The same is true of Donna Summer's "I Feel Love," which, despite the disco culture and context it comes out of, is a free-flowing meditation full of universal structures and yet open-ended possibilities. If some German band would've recorded it in 1975, it'd be called a "Kraut-rock" classic.
Then again, if fascists had recorded the Troggs' "I Want You" it would be derided as a death march, not a c'mon. Hopefully, ours is somewhere in between.
If only some party-hearty pot-smoking troupe had recorded the not-so-guilty pleasure "Get the Party Started," you wouldn't even be thinking of its original performer: pop plaything Pink. (Do not mistake "pop plaything" as a bad thing, though. Pink's pop playthingisms make her infinitely more liberating than, say, "emo" - the ultimate in musical suffocation, not to mention puritanical lameness.) "Get the Party Started" is open-ended enough with its structure that it invites playfulness. Sometimes when we play it live, Tim even drops his fuzz guitar and does an interpretive dance. That's not to say that "playful" was the operative here; we just partied a lot, it was late and the song came to us in a stupor or dream - take your pick.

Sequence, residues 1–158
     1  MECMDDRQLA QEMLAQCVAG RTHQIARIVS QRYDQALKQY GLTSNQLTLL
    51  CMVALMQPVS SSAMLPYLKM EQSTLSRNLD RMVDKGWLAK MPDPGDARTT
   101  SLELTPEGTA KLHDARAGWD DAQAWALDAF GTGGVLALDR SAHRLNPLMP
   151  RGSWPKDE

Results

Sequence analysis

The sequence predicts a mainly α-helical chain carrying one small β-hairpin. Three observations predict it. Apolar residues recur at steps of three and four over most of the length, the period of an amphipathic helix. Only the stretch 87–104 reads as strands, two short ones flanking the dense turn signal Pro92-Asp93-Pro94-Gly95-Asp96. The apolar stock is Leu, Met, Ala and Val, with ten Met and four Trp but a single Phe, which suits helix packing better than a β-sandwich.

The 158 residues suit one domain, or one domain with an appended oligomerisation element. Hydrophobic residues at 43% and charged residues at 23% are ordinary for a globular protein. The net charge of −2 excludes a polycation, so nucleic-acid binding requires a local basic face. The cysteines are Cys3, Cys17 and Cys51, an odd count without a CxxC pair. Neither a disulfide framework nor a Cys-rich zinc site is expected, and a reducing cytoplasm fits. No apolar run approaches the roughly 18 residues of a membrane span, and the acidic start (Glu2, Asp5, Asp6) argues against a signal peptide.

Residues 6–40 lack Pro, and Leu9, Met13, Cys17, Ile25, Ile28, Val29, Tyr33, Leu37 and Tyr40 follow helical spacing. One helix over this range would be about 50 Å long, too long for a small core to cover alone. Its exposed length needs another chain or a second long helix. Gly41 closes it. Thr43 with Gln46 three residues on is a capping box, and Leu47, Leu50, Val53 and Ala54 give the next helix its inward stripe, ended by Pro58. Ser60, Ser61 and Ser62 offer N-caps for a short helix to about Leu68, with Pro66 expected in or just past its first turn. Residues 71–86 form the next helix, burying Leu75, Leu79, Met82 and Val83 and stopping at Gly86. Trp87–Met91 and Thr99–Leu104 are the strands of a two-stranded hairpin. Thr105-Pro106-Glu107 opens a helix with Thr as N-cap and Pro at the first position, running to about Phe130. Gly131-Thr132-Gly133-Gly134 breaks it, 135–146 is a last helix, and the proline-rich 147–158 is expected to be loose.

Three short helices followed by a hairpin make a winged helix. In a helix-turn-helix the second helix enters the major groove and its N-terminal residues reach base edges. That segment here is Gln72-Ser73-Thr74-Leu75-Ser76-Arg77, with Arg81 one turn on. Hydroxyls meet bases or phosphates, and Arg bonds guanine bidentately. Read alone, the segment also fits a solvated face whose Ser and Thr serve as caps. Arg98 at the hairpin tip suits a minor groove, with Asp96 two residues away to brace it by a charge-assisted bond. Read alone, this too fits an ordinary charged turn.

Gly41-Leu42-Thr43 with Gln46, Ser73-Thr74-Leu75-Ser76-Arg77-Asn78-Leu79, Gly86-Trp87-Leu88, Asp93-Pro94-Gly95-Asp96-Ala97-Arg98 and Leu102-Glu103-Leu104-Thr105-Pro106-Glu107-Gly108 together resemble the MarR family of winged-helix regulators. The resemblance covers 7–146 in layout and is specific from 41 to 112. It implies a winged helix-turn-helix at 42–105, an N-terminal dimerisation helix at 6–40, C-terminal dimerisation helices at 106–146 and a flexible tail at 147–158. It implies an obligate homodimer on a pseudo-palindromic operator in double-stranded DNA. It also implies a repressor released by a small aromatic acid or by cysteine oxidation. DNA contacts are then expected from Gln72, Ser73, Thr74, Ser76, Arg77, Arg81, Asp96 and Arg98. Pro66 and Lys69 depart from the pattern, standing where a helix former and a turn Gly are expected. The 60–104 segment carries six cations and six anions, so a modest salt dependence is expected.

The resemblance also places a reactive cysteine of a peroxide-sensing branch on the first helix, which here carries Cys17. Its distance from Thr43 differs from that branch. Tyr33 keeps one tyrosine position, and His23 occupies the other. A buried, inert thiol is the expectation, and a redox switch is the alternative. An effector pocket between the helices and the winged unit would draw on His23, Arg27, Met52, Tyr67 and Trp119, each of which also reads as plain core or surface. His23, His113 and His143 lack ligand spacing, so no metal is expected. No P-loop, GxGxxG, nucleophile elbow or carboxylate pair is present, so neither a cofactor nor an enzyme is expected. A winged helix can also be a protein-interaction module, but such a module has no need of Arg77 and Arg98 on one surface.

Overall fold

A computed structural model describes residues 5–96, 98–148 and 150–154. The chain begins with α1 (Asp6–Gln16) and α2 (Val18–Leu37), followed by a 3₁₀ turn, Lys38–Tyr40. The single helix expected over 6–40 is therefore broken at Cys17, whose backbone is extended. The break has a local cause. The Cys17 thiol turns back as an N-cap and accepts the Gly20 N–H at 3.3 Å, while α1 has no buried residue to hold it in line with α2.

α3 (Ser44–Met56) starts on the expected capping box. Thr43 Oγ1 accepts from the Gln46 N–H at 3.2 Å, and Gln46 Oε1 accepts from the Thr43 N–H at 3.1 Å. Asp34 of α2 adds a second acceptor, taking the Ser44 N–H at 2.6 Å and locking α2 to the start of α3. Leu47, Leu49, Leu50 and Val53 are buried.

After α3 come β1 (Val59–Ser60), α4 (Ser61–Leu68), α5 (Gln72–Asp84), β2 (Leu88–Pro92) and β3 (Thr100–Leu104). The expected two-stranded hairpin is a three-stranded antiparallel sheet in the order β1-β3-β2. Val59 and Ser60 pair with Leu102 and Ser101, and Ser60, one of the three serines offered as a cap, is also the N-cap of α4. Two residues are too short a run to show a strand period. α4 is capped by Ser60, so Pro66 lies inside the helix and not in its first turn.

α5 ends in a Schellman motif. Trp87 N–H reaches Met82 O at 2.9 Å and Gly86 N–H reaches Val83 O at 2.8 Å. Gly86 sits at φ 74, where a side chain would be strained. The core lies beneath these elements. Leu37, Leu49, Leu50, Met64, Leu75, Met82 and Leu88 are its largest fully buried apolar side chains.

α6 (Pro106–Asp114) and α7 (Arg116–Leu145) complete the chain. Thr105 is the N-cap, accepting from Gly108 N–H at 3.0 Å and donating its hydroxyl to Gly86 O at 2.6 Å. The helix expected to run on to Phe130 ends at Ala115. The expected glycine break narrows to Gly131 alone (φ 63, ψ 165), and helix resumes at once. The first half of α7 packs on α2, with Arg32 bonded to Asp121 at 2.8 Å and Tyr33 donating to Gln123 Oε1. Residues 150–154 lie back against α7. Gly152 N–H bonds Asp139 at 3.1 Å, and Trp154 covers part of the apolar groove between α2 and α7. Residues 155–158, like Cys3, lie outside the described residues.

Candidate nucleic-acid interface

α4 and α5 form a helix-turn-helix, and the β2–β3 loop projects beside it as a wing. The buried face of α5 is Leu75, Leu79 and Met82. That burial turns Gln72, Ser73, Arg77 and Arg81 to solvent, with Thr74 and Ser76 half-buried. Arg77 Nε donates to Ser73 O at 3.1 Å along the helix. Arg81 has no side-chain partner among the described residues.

Oh well, it's late and I haven't slept much the last few weeks … and I have two cats clawing at me, waiting to be fed, again. So I'll have to cut this off.
Anyway, we're happy with how "Copycat Killers" came out -- and how it'll impact our next album. That one will feature our new guitarist Tim, who came in at the end of the making of this disc. He bring all sorts of new blood for the vampire to feed on, not to mention enough musical chaos to keep everyone in stitches.
Either way, thanks for reading and listening. We hope you dig "Copycat Killers." We also hope you conclude that while they did kill some things in these songs, they also enabled 1000 other kinds of flowers to bloom in their wake. Even if the flowers are actually weeds.